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BS, Ball State University, Urban Planning Development
My name is Joshua. I recently graduated from Ball State University in Indiana. My passion for drumming began as a teenager, and I was fortunate enough to have a very supportive family who encouraged me to do what I loved. I will always be grateful for that. Given the right kind of support and teaching, I firmly believe that anyone with the drive to learn can have a very rewarding and fun experience with the drums. I’ve had lessons from some amazing instructors over the years and have overcome so many obstacles thanks to them and the support of my family. And now, I want to share my knowledge and experience with others, so that they may have a similarly rewarding journey.
Growing up, I tried a dozen different instruments before I discovered the drums. I've had six years of experience and a lot of different teachers with different teaching styles since then, and one major lesson stands out: drums are hard, but consistent, mindful practice always makes the difference. The same lesson applies to almost anything. In my college experience, it always turned out that consistent work produced the best results. Nothing turned out well if it was rushed, and only diligent routines kept me on track. I stress that same lesson in my teaching. If a student wants to improve their playing, the only way forward is through practice. So, one of the best ways to improve drumming is by practicing how to practice. This technique can be used in every aspect of the student's life and is one of the most valuable skills anyone can have.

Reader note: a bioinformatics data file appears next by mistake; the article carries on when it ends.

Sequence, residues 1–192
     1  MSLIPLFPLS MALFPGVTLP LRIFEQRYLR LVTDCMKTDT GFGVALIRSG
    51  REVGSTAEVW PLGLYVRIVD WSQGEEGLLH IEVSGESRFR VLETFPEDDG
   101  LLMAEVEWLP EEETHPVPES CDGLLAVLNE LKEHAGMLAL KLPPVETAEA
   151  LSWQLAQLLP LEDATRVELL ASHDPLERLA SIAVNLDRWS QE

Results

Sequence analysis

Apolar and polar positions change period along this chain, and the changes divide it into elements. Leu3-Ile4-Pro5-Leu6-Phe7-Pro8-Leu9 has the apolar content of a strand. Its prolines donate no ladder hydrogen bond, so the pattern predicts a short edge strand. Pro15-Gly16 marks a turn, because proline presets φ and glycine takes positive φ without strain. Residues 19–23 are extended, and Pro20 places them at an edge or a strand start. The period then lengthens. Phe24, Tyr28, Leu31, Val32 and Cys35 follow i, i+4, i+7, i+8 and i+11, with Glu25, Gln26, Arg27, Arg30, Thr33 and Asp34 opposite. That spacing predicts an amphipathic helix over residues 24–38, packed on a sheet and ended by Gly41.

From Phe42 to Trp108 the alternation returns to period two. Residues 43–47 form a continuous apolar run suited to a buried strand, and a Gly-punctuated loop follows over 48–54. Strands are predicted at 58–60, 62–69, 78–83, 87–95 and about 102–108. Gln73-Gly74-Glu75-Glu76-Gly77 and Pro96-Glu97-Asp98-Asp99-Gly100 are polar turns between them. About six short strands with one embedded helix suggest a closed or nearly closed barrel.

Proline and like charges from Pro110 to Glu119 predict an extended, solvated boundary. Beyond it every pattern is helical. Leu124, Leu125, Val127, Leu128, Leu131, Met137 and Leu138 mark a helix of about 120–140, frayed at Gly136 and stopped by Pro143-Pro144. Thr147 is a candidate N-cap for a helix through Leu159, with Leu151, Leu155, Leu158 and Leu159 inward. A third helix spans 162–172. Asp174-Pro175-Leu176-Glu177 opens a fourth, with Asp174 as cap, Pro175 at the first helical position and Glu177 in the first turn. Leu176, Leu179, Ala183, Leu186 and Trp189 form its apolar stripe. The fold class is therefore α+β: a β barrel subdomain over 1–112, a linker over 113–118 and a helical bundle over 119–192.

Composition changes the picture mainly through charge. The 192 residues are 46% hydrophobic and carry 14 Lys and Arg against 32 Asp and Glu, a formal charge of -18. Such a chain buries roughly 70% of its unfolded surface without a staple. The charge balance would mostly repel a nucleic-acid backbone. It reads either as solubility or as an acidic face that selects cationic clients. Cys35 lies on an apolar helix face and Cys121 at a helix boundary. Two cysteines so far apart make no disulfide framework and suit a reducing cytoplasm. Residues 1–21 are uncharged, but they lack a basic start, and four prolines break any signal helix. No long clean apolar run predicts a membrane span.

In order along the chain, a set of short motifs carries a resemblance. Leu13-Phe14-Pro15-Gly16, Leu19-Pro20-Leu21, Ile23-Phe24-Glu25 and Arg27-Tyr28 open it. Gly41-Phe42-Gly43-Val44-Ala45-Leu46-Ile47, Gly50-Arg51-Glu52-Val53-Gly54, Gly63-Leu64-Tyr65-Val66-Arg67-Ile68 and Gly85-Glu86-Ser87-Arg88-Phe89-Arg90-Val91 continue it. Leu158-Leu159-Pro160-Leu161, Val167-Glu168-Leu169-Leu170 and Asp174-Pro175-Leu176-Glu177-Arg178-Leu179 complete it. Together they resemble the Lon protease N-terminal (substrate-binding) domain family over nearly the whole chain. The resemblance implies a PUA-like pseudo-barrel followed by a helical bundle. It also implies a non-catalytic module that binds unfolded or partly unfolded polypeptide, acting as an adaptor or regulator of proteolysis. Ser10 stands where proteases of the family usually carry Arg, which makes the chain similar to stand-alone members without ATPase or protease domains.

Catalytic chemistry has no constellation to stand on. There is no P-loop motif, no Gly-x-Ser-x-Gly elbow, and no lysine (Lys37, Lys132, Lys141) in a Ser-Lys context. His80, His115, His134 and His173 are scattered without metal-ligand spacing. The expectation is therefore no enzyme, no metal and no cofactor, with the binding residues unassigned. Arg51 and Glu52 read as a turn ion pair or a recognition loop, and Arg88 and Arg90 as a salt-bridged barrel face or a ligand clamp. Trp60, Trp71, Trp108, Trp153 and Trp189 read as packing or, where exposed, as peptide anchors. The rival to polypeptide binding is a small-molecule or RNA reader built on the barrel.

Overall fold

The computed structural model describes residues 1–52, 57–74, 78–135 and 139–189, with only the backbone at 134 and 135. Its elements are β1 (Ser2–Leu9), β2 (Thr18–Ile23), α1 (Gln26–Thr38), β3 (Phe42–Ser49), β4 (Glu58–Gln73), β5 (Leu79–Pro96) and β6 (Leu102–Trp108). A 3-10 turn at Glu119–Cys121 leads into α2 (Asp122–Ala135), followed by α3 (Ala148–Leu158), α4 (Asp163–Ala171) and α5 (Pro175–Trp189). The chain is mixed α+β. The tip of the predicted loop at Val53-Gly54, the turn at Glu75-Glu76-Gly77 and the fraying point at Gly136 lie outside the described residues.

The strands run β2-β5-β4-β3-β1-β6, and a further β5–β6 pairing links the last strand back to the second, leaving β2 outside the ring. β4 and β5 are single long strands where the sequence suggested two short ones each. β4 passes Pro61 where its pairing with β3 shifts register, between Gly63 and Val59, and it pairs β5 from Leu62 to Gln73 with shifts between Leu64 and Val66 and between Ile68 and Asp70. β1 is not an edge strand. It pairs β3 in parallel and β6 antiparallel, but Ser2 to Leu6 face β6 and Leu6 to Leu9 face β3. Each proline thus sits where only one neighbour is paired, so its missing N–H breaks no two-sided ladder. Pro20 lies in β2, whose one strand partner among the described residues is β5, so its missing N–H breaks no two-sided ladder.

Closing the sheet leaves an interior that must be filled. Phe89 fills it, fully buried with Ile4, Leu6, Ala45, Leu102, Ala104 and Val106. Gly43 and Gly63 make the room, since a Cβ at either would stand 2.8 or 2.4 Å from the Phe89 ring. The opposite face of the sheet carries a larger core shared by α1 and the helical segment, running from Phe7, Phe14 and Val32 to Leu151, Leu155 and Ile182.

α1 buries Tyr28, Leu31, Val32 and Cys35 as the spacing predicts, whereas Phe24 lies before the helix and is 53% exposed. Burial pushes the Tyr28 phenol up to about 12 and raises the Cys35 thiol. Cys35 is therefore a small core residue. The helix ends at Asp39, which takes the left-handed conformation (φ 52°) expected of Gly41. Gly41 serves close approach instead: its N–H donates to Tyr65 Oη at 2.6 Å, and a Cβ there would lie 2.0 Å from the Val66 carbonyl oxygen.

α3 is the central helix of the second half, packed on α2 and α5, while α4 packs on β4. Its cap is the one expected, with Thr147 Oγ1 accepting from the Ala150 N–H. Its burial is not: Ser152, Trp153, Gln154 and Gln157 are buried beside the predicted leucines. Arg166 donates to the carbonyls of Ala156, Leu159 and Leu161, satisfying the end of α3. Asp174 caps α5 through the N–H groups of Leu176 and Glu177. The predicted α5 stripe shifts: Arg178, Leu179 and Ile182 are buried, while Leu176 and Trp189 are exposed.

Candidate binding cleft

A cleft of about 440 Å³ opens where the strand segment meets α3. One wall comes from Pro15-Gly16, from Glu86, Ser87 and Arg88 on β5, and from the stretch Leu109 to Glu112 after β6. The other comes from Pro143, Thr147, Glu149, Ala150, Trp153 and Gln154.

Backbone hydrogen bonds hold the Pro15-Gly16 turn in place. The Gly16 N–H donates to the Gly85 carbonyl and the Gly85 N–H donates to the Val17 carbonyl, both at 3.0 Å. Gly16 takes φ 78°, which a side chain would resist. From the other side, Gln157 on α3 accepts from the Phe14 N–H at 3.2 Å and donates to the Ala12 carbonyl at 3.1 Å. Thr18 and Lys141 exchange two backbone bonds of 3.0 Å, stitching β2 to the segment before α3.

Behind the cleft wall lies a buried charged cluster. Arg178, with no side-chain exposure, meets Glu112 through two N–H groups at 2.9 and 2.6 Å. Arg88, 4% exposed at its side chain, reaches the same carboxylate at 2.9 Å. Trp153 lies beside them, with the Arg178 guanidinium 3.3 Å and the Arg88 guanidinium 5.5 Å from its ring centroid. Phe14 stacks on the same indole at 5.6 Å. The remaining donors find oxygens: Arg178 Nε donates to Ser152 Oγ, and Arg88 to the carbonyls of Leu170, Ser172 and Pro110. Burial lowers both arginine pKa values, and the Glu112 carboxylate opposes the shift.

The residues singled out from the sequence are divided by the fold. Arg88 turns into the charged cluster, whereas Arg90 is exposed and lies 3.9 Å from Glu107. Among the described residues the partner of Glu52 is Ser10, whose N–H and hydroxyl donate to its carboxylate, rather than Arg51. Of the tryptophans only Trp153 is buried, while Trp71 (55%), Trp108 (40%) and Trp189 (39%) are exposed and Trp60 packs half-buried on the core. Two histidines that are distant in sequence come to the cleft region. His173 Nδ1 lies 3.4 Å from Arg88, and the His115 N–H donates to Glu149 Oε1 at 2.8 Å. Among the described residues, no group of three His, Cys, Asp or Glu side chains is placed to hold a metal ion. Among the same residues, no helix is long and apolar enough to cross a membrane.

I begin with a basic rock approach to drumming that prepares students to enter a wide range of other musical styles. The first lessons focus on the fundamentals of drumming while still placing emphasis on musicality. If the fundamentals are not framed in a musical context, it is difficult for some students to stay excited and develop a passion for the drums. Unlike other instruments which focus on melodic creation, drums are rhythmic in nature which can make the learning process dull without music. Students will learn to play along to their favorite songs at an early stage. By introducing students to concepts within their own music, the fundamentals will always be a part of every lesson, and concepts will grow and evolve alongside the student's skills.
Students will learn: • What you need to start drumming • How to stay drumming safe • Drum terminology • Setting up your drums • Tuning your drums • Proper stick grips • Hand and foot technique • Music theory and how to read drumming notation • Fundamental drumming patterns (rudiments)
My teaching style prioritizes consistent, daily practice set in a musical context. Weekly lessons keep students active and involved in their drumming education, while assigned practice exercises promote gradual but steady improvement. Assigned practice exercises are designed to improve rudiment execution, hand and foot technique, and musical sensibility. As soon as the student feels comfortable with the instrument and is ready for the challenge, I will start to include play-along tracks or recorded songs in the practice rotation. These songs will emphasize those skills on which the student is currently working and provide a musical foundation, so that students may begin to play with other musicians from an early stage. Music choices will be largely up to the student, so that students may set their own goals and ultimately play the styles of music they enjoy.
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